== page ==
Atlant (talk) 17:44, 12 February 2008 (UTC)
Ah, we learn something every day! I didn't know about ls -d. —Tamfang (talk) 05:32, 19 February 2008 (UTC)
I came from an environment where this sort of thing wasn't true so I've always felt that the need for "-d" was misfeature of Unix. Instead, I'd have designed it so that without the final slash on the path (e.g., foo/bar), it would give you the status of the directory bar itself but with the final slash (e.g., foo/bar/), it would give you the lasting of the contents of the directory bar. But obviously, someone else felt differently for long enough that this misfeature became standard practice and they invented "-d" to cover this case.
Atlant (talk) 18:56, 19 February 2008 (UTC)

Annoying virus, perhaps rootkit[edit]

Hi all, I think I might have some sort of virus/rootkit that is annoying me. I am running xp pro and Avast anti virus keeps identifying a file called ndt2.sys in my system32 folder as being a Trojan horse. It alerts me about once or twice a day and then promptly deletes it. I've tried running boot time scans which revealed some things, which were deleted, but this one still came back. As far as I can tell, avast manages to stop it before it does anything. I've googled it but can't find anything conclusive as to what it is or how to get rid of it. Any help you guys can give would be greatly appreciated. Z28boy (talk) 17:56, 12 February 2008 (UTC)

If you have a 32 bit processor, you might want to try [1]. Hope that helps. However, if you are privacy concerned, please be prepared to wipe your hard disk clean. (Hint: up to date back ups of documents and stuff) Kushalt 18:20, 12 February 2008 (UTC)
AVG anti-rootkit just requires a 32-bit XP or Win2k installation, not a 32-bit CPU. There are also many alternative scanners. At the latter point though, I also would not trust any Windows install that's been compromised by something like this. I'd definitely suggest cleaning the HDD; if you don't want to clear the whole thing out, just use a Linux or Windows LiveCD and wipe the Windows directory, and everything that's executable (.exe, .dll, .ocx, .sys, .scr). -- Consumed Crustacean (talk) 21:35, 12 February 2008 (UTC)

I was anticipating this to come. If it is not very inconvenient, the best way would be to back up original documents (and other irreplaceable data) and do a complete Hard Disk format. Do you still have your bootable Windows XP installation CD? Kushalt 22:14, 12 February 2008 (UTC)

Yes I do still have the original disk, but I will have to buy an external hard drive to back my stuff up, which I've been meaning to do anyways. I'm going to give these cleaners a try and see how they work and then go from there. Thanks for the help. Z28boy (talk) 23:56, 12 February 2008 (UTC)

Remember to install Service pack two and a good antivirus program as soon as possible after reinstalling, though. When I had Windows, I used AVG Free Antivirus. ClamWin does not have real-time scanning but it seems to be in the making. I recommend AVG because it was very easy for me to uninstall, as opposed to a very reputable antivirus package. Well, I guess I am rambling too much. I am sure you know better. Good luck.

Regards,

Kushalt 18:07, 13 February 2008 (UTC)

comparison of MediaWiki vs Drupal-Wiki[edit]

Greetings all,

Anyone have specific hands-on experience using a Drupal-based wiki? If so, do you have any comparision of that vs MediaWiki? I am very familiar with the way MediaWiki works (having used Wikipedia), but I do not know how Drupal stacks up, or whether there even is a robust wiki module for Drupal.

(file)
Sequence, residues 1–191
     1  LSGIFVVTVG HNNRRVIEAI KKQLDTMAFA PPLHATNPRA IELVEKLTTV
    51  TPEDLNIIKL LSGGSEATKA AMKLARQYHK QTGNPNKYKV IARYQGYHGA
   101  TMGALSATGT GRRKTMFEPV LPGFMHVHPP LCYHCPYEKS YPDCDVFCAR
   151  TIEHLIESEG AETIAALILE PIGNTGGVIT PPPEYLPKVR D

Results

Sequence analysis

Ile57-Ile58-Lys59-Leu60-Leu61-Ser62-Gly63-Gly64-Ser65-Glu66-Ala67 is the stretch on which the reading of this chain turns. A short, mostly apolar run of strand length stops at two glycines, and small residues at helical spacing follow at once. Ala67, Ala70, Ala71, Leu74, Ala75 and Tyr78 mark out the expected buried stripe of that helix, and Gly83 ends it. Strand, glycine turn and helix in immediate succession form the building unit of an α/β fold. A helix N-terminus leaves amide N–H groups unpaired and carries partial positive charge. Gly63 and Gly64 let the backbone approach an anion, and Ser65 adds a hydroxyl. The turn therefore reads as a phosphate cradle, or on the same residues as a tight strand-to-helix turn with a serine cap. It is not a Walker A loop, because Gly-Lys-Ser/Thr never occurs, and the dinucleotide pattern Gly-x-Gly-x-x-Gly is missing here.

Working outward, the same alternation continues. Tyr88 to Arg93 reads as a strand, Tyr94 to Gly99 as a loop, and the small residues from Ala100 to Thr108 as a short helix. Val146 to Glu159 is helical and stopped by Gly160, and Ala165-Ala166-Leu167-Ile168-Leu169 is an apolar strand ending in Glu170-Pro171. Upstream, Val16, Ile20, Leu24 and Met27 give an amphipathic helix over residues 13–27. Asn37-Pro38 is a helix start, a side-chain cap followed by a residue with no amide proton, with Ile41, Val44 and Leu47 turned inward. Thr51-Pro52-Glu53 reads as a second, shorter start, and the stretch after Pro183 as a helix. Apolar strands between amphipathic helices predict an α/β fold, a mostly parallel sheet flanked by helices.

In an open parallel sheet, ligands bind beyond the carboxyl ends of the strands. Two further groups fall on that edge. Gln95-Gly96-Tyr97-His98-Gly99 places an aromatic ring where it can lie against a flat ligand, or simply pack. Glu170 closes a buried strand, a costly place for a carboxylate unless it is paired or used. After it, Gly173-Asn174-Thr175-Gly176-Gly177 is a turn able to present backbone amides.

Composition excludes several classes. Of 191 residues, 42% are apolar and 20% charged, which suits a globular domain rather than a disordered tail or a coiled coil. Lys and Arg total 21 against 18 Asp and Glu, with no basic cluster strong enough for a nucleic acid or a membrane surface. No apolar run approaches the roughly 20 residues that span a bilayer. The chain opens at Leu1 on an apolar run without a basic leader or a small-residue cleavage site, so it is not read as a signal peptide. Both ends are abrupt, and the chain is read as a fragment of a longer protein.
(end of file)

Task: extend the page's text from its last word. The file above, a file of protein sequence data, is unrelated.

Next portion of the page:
Also, if you have any links with detailed side-by-side comparisons of Wiki software, specifically including (but not limited to) the two mentioned above, that would rock.

Thanks. NoClutter (talk) 18:41, 12 February 2008 (UTC)

Does http://en.wikipedia.org/wiki/Comparison_of_Wiki_software Comparison of Wiki software fit the bill? Kushalt 19:39, 12 February 2008 (UTC)

Nope. That's why I asked for "specific hands-on experience" because those comparison lists don't give anything but a superficial overview that can be written by anyone whose just read the documentation without actually having tried the software. Also, you'll notice that the article you linked doesn't even mention Drupal. NoClutter (talk) 20:16, 12 February 2008 (UTC)

I am sorry for the inconvenience, NoClutter. Kushalt 22:08, 12 February 2008 (UTC)

Windows 3.1[edit]

I am curious, would Windows 3.1 run at 1680x1050? Dr Alcohol (talk) 20:26, 12 February 2008 (UTC)

If you can find drivers that'll handle that resolution. --Carnildo (talk) 20:57, 12 February 2008 (UTC)
Drivers for Windows 3.1, no less. Good luck on that one. PulseXS (talk) 21:15, 12 February 2008 (UTC)
You have a copy of Windows 3.1? I'm jealous. I have the install disks for DOS 6.1.1, though. I'm only running XP at 1024x768 and you want to run 3.1 at 1680x1050, I'm stunned. Useight (talk) 23:52, 12 February 2008 (UTC)
I found this page [2] xxx User:Hyper Girl 13:58, 14 February 2008 (UTC)
None of those look too useful: the SVGA drivers probably won't support anything larger than 640x480x256 (and maybe 800x600x16), and the other video drivers are specific to obsolete graphics cards. Your best bet is to search for generic VESA drivers. --Carnildo (talk) 21:29, 14 February 2008 (UTC)

Unix filesystem question[edit]

Is it somehow possible, in Unix, to share a directory across several physical filesystems, so that when a file is written into the directory, the OS would somehow automatically select which physical filesystem it is stored in? JIP | Talk 20:36, 12 February 2008 (UTC)

Most modern implementations will let you create a single filesystem that uses more than one physical disk. But I can't tell whether this is what you're asking, exactly. Friday (talk) 20:42, 12 February 2008 (UTC)
No, this is not quite what I mean. If I have already partitioned a physical disk into several partitions, each with its own filesystem, can I later add a directory that span several of them? For example, if the disk /dev/sda has partitions /dev/sda1, /dev/sda2, /dev/sda3, and /dev/sda4, can I create a directory /home that spans both /dev/sda2 and /dev/sda3? Can this be done "hot", meaning that creating or deleting such directories does not damage any other data on the filesystems? JIP | Talk 20:57, 12 February 2008 (UTC)